Probably Eustace Balfour, dated 1911. 2-storey Arts and
Crafts gate lodge with 2nd storey breaking eaves at
intervals. Pink rake-jointed rubble with droved ashlar
dressings; base course.
W ELEVATION: slightly advanced gabled bay to outer left
with chamfered corners, corbelled to square at eaves
level, and each with small window; further small windows
on return elevations and in gablehead. Doorway in
re-entrant, with small-paned upper panel to door and
dated lintel; square window under eaves above, and
flanking to right at ground. Large area of blank
wall-plane to outer right.
E ELEVATION: 3 asymmetrical bays; wide advanced gabled
bay at centre with doorway off-centre to left of gable and
stone mullioned bipartite in gable head; ground floor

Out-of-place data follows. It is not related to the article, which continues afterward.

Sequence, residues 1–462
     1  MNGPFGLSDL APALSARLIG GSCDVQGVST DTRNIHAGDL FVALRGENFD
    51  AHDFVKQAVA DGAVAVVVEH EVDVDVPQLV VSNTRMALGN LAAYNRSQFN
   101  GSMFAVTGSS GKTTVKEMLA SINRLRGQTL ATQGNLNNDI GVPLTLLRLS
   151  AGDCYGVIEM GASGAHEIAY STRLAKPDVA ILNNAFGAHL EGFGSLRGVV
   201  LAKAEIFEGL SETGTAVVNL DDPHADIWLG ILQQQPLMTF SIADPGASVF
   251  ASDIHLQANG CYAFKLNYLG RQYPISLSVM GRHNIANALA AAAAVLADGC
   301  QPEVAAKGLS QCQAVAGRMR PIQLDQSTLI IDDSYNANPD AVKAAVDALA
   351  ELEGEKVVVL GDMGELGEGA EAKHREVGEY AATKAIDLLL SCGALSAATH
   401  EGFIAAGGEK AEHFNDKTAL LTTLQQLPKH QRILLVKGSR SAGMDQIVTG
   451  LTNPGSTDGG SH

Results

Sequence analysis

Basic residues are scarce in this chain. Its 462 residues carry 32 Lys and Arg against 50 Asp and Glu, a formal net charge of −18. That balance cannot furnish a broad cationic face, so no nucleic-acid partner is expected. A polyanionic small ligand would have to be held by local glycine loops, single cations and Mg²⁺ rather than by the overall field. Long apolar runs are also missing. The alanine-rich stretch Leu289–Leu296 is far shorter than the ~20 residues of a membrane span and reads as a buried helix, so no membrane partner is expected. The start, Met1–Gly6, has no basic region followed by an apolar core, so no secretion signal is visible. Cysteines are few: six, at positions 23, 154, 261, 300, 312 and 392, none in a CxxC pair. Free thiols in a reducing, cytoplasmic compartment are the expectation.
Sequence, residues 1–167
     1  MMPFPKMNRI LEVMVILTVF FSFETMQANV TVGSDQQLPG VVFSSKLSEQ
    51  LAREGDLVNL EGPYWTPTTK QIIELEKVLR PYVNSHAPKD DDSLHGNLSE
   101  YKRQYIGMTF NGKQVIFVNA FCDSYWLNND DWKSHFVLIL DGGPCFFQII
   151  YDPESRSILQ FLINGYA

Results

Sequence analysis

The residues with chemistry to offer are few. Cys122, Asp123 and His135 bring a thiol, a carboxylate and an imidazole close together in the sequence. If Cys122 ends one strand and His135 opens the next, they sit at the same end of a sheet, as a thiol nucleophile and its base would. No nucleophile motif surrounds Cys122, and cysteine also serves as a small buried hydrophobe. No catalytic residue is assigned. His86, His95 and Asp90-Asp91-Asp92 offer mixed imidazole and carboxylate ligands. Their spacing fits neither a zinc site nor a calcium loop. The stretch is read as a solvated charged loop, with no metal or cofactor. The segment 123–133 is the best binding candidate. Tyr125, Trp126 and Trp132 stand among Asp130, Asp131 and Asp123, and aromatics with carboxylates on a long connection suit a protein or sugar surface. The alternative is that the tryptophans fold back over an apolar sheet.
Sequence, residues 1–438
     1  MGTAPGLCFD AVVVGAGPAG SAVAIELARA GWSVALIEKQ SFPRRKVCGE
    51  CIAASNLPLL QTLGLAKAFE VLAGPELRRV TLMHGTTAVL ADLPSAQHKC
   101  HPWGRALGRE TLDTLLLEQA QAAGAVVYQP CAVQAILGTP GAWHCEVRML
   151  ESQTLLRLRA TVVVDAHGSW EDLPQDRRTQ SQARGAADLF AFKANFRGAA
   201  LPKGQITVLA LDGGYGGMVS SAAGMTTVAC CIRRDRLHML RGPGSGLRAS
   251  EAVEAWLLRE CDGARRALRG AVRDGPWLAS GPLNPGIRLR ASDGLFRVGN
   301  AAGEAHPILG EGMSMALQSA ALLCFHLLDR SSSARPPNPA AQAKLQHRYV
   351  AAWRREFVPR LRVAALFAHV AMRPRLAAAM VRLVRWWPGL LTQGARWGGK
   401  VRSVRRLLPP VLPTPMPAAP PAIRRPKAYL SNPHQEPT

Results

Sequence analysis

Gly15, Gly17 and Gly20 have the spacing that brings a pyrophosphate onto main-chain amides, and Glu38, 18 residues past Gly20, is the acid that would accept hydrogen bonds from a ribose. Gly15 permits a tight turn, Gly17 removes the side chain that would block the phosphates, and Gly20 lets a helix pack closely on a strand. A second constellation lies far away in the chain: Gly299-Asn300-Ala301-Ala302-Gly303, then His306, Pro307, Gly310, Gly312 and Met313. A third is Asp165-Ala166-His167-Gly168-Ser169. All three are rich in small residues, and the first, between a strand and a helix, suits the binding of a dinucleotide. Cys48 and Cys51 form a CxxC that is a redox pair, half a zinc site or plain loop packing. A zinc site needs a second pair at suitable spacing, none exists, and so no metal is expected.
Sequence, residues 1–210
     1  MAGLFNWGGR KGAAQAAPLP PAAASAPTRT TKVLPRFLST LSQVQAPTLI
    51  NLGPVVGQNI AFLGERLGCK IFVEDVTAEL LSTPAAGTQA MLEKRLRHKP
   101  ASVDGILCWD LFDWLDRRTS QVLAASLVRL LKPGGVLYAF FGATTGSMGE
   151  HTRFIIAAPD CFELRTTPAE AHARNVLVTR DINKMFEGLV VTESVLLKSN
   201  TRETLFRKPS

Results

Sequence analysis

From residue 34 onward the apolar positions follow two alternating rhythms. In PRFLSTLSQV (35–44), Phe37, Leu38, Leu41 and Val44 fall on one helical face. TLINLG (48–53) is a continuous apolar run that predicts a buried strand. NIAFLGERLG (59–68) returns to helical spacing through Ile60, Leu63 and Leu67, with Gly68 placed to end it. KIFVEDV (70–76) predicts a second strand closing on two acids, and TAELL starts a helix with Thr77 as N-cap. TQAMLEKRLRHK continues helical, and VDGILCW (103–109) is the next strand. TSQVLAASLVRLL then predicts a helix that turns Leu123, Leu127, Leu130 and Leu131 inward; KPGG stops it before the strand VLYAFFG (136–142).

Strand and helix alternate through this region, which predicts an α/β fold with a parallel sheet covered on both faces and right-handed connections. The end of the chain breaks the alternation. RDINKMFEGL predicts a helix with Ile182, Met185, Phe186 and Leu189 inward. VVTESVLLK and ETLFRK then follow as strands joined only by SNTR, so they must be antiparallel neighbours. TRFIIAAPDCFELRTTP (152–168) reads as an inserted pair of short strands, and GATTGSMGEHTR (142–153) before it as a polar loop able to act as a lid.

window to recessed right bay and gabled dormer to 1st
floor window breaking eaves; narrower ground floor
window to recessed outer left. Modern lean-to outbuilding
flanking doorway. Small-pane glazing pattern to sash
and case windows. Grey-green slates with swept eaves.
Gablehead stack to W and wallhead stack flanking
centre bay to S. Decorative gutter fixtures.
GATEPIER: square red sandstone ashlar gatepier with
pyramid cap (remainder of form pair), with simple
wrought-iron railings adjoined to house.
Statement of Special Interest
Eustace Balfour worked in partnership with Thackeray
Turner of the SPAB, and trained in London with Basil
Champneys. Balfour executed several other works on the
Estate, but as he died on 14 February 1911, the lodge
was possibly designed solely by Turner. The boat-shaped
dormers on Tower Cottage nearby (listed separately), evidence
a similar Arts and Craft input.